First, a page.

There is a certain, unequaled thrill sitting in the front seat of a four-wheel drive SUV, its engine roaring like a locomotive as it churns its way up a 15-foot sand dune and slides diagonally down the other side, only to bounce across a valley, take aim again and repeat the scream-inducing ride all over again.
This is dune-bashing in the Sharjah Desert outside of Dubai. The passengers in the two back rows have an even more harrowing experience.
Sharjah is one of the seven emirates that make up the United Arab Emirates. You probably haven’t heard of it, or any of them except Dubai and perhaps Abu Dhabi. But a 50-minute ride on a four-lane, well-marked highway out of Dubai brings you to Sharjah’s desert. Dubai, which is much larger than the city and extends from the Persian Gulf to a border with Oman to the south, also has a vast desert and also features dune-bashing for tourists, but this ride was in Sharjah.
It’s land owned — or leased, it’s unclear which — specifically for the ground-bound rollercoaster-like ride in 100-degree heat. One cannot help but scream as the Toyota Land Cruiser — usually, but Chevies and GMCs are also abundant out here — criss-crosses the dunes looking for steeper challenges. The driver maniacally guns the engine to shoot up the wall of sand. At the crest, there appears to be no path down the other side. It just drops off, and the screams are inevitable. Just when all looks hopeless, he will crank the wheel, tide the top, and slide almost sideways down the other side.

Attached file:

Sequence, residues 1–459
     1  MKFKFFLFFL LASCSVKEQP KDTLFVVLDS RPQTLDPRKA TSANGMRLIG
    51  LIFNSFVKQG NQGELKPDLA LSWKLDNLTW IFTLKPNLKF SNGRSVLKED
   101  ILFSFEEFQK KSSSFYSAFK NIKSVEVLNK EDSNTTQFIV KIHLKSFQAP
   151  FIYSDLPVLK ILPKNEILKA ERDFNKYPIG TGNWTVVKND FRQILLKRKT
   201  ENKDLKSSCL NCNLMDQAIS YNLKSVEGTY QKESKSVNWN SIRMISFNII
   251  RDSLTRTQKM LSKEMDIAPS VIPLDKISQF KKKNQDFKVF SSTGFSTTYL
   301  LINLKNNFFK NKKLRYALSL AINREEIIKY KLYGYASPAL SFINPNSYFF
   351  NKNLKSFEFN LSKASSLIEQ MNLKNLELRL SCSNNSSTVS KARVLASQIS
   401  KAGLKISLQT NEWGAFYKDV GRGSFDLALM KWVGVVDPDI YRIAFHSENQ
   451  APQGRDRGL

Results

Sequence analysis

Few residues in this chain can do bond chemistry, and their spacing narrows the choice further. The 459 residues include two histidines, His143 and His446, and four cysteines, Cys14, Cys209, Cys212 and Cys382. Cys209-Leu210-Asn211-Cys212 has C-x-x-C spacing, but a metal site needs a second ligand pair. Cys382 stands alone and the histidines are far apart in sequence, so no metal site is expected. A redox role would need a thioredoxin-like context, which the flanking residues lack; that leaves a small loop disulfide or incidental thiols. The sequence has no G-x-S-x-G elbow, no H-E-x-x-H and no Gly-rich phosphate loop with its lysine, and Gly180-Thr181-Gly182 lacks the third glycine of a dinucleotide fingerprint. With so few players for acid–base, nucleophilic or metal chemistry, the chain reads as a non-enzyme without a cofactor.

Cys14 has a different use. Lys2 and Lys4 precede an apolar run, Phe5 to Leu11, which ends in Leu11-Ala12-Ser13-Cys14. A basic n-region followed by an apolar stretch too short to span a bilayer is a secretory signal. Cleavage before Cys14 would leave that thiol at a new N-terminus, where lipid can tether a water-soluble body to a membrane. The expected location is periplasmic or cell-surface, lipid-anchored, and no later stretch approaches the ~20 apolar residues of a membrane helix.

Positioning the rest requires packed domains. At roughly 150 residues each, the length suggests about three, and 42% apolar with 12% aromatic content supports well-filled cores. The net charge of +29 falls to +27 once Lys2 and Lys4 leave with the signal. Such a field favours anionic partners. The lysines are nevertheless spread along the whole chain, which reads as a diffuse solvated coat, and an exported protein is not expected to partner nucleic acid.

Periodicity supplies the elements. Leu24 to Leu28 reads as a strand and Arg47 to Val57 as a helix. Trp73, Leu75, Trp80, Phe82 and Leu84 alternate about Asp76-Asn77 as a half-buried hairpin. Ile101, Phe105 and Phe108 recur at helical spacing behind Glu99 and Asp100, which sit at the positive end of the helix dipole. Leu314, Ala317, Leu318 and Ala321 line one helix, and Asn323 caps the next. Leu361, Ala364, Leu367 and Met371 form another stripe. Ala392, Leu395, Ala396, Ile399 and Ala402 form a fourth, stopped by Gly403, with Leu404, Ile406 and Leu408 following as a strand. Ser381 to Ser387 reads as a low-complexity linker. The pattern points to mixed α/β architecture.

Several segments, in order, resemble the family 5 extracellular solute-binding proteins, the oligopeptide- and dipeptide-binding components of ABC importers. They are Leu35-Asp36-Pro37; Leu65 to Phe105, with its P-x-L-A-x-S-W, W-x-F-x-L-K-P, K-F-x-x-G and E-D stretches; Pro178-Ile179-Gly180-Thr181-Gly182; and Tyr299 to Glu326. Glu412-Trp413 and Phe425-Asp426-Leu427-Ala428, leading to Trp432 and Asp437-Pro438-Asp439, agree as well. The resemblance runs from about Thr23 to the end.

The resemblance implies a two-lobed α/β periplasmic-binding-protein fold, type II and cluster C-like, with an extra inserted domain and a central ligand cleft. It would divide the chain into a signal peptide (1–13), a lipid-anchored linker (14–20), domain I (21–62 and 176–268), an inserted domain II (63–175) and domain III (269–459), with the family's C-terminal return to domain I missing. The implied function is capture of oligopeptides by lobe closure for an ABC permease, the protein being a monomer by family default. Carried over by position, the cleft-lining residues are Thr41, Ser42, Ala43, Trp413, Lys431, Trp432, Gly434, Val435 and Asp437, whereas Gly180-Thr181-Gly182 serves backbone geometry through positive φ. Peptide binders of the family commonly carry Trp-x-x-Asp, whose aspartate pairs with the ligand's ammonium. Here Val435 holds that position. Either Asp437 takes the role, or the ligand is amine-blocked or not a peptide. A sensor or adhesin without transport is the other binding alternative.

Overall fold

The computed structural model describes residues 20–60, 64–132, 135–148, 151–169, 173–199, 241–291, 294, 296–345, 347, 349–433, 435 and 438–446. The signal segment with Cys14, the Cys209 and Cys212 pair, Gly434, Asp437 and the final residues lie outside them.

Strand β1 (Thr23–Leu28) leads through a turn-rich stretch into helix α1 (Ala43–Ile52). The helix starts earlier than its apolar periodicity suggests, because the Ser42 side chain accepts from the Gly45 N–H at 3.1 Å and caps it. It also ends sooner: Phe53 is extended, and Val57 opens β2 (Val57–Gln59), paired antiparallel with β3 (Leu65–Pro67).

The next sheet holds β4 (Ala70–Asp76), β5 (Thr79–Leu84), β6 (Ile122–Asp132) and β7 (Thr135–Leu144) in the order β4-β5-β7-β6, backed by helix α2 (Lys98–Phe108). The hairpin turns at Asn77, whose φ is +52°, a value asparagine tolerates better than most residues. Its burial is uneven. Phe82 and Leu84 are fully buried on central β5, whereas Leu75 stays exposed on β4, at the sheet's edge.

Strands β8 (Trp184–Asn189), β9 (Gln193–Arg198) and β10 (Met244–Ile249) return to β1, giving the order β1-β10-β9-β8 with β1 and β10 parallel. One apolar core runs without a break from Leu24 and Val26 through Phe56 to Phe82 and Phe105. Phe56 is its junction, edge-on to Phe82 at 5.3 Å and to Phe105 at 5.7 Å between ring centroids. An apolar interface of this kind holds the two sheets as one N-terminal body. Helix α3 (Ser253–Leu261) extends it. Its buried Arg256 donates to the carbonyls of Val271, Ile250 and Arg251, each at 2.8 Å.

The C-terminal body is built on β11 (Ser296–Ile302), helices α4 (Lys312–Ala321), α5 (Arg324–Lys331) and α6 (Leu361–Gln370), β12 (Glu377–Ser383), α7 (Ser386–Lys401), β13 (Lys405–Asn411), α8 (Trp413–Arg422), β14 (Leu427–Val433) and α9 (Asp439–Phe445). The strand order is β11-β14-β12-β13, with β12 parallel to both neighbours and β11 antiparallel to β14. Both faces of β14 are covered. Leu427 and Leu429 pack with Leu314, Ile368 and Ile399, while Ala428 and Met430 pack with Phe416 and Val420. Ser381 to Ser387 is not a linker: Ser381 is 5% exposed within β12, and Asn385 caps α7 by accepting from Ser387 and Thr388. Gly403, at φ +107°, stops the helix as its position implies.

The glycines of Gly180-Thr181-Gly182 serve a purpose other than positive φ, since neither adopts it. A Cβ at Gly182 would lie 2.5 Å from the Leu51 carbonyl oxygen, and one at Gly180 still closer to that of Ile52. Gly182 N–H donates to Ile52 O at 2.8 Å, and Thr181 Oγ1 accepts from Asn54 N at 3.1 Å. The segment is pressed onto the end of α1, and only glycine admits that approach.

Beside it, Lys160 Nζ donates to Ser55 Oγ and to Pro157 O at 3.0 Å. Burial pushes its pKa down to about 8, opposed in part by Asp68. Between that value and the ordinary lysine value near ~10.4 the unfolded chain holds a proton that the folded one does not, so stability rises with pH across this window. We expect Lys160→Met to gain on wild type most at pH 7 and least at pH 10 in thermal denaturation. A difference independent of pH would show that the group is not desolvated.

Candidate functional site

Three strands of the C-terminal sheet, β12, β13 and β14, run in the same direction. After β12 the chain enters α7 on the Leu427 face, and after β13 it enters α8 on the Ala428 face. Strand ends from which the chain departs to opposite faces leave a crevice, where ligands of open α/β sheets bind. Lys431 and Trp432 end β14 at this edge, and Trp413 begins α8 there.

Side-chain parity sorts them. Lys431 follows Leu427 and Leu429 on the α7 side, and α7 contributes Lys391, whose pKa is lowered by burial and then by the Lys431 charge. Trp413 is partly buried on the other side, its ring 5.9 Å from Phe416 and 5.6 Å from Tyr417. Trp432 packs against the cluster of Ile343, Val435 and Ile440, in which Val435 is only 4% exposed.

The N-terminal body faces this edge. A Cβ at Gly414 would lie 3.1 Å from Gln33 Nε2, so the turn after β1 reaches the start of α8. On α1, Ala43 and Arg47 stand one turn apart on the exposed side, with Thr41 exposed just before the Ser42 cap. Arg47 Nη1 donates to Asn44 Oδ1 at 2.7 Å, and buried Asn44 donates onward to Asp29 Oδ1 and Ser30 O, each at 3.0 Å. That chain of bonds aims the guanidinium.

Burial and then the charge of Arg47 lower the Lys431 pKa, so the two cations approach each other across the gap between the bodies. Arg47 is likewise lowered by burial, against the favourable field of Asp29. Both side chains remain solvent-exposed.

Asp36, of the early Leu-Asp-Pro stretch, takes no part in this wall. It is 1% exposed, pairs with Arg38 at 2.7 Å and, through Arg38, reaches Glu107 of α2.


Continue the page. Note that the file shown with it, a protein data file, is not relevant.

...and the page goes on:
For some reason, it doesn’t stop the screams. And the screams are always followed by laughter, and then demands for more.
Take that, Schlitterbahn.
There are a dozen or so other SUVs out here, all doing the same thing, too.
Just when you think your stomach will give up and drop to your toes, the driver stops for a photo op in the sand. That’s a good excuse to pause, but the real reason becomes immediately evident. The driver opens the hood, and lets the over-worked engine cool down, as much as that’s possible in the late-day heat of the Middle East.
After about 20 minutes the ride continues just as frentic, but eventually a large, rough enclosure appears over the next dune. It’s time for a camel ride (or another photo op for those who’s ridden one before and decided once is enough). For a fee, one can rent an ATV and take off across the dunes. Death wish comes to mind. But eventually there’s dinner of miniature donuts, rice, vegetables, grilled chicken and kofta (spiced ground lamb on a skewer), accompanied by traditional Arabic dances, and if you wish, a couple of pulls on shisha, sweet, fruit-flavored tobacco through a tall water pipe.
There is, of course, a paradox here. While the ride is thrilling, these companies, and there are several dozen of them across the desert, are using a beautiful natural resource for something it wasn’t made for. A brisk wind blows across the fine, tiny-grained sand at sundown every night. Many of the ruts are repaired as the sand slithers across the dunes, and the dunes themselves creep across the landscape.
There must be crews that come out occasionally to pick up the hundreds of plastic water bottles dropped out of windows during the rides. But the desert is littered with them nonetheless.
So often, our fun comes at the expense of something — or someone — that can’t defend itself. This is a relatively small activity in the vast expanse of a desert that seems endless. Maybe this once we can enjoy it without guilt. It sure was fun.